How has the fund performed?

The question here, especially for ETFs tracking broad market-cap-weighted indexes, isn't so much whether performance has been good, but whether the results match expectations. The falling Canadian dollar and tanking oil prices meant ETFs that track the S&P/TSX Composite didn't perform anywhere as strongly as those tied to the S&P 500, which represents U.S. large caps. The TSX-linked ETFs still did their jobs, though, by providing investors exposure to Canadian large-cap stocks.

How the funds and the indexes they track have performed in different markets can frame your expectations. In topsy-turvy years like 2011 and 2014, for example, low-volatility ETFs fared especially well; were they to rally in red-hot markets, like 2009's, it could be a sign they're taking on more risks than you expect.

Well-run ETFs minimize tracking error -- the difference between the fund's returns and the index's. Because ETFs charge fees, it's tough to match an index's returns, but it should come close once fees are taken into account. Not all funds will manage tracking error equally well. BMO, Vanguard, iShares and Horizons all offer S&P 500 Index funds, and despite nearly identical MERs (which range from 0.15% to 0.17%), returns can vary noticeably. In 2014, for instance, Horizons S&P 500 HXS and Vanguard S&P 500 ETF VFV performed fairly comparably, lagging the index by 0.45% and 0.49% respectively, while iShares Core S&P 500 XUS trailed by 0.84%.

How much does the fund cost?

Because costs take a bite out of your returns, cheaper is better. That's especially the case for the lion's share of ETF assets, which are essentially commodity products tracking purely passive benchmarks. When competing ETFs track the same or similar index, the cheaper one will probably come out ahead. BMO Aggregate Bond ZAG and iShares Canadian Universe Bond XBB will provide the same pre-expense returns, provided they track their benchmarks equally well. But with a 0.23% MER, the BMO offering is 10 basis points cheaper than the iShares offering, improving its prospects over its rival.

Not surprisingly, more-active ETFs come with higher price tags. For instance, Powershares' Canadian RAFI-based ETF charges a 0.51% MER -- five times what Vanguard charges for pure Canadian market exposure with Vanguard FTSE Canada VCE. The added costs may be worth investors' while, but the Powershares offering will have a higher fee hurdle to overcome.

Of course, ETFs don't just compete against other ETFs. They compete against mutual funds, too. In this framework, the comparison generally weighs in favour of ETFs. The aforementioned Powershares RAFI ETF may be expensive relative to pure passive alternatives, but it's less than half the 1.1% MER charged by the average core domestic equity fund sold in the fee-only or DIY channels. Even within the same fund provider, ETFs can give the mutual fund competitors a run for their money. That's the case with RBC Quant Canadian Dividend Leaders RCD, which levies a 0.44% MER, about half of that of actively managed, Neutral-rated RBC Canadian Dividend, whose F series weighs in at 0.94% annually.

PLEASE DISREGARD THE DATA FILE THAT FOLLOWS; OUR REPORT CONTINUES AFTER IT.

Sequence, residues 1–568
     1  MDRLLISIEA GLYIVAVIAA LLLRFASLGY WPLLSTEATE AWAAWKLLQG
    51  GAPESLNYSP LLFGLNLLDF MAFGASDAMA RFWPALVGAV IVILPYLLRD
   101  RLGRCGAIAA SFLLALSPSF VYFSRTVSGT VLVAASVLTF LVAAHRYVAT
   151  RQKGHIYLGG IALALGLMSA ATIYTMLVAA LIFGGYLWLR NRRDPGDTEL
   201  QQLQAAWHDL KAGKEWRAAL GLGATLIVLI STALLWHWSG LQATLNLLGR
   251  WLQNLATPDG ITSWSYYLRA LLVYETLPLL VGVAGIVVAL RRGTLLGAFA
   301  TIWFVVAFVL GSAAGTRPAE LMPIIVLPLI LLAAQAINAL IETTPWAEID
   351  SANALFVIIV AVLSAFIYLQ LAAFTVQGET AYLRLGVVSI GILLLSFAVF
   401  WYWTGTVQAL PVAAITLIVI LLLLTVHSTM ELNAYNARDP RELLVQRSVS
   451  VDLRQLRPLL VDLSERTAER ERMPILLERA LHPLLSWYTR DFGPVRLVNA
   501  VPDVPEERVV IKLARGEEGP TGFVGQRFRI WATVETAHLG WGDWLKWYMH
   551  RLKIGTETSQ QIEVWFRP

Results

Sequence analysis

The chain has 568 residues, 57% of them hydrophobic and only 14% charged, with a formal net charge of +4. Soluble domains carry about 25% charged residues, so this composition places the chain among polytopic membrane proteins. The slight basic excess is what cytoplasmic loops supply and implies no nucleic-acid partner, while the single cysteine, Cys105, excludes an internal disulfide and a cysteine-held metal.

To be sure, there are costs not included in the MER that investors should also consider. Because ETFs trade like stocks, you'll have to pay a commission to buy and sell shares. For those who invest small amounts regularly or trade a lot, the commission costs could end up mitigating ETFs' cost advantages. What's more, ETFs have costs of their own, in terms of commissions, bid-ask spreads and market impact costs. Other costs could add to tracking error on top of the MER, including sampling error, securities lending and trading costs.

Is the fund provider a good steward?

It should go without saying, but investors should prefer to partner with fund providers who have their best interests at heart. Morningstar has an extensive process to assess whether fund companies put stewardship ahead of salesmanship in its Stewardship Grade. To state our process succinctly, we consider whether firms' corporate cultures foster investment excellence, whether their managers' financial interests are aligned with those of fundholders, whether their fees are competitive, and whether they've gotten into regulatory trouble.

Some of these factors aren't as relevant to ETF investors. Whether the manager of your S&P/TSX 60 Index ETF invests heavily in the fund doesn't matter so much. And passive investors may not care a lot about the investment culture of the firm, so long as its resources are adequate to manage its ETFs with minimal tracking error and other ownership costs.

Yet the quality of a corporate culture matters even in passive investing. Vanguard, for example, avoids gimmicky product launches, instead favouring those with long-term merit which investors can use well. In general, I'd wager its ETF line-up is more likely to serve fundholders better than one from a marketing machine more focused on creating products that sell regardless of the investment merits.

Given how important fees are to the ETF investor experience, investors should favour ETF providers with a history of offering cheap ETFs that get cheaper. In recent years, firms like Vanguard, iShares and BMO have been on a race to the bottom on expenses -- a fee war that's been to the benefit of fundholders. Higher-cost providers may be less likely to be as competitive, making their line-ups less attractive on price.

About Author

Christopher Davis

Christopher Davis  Christopher Davis is Director of Manager Research at Morningstar Canada.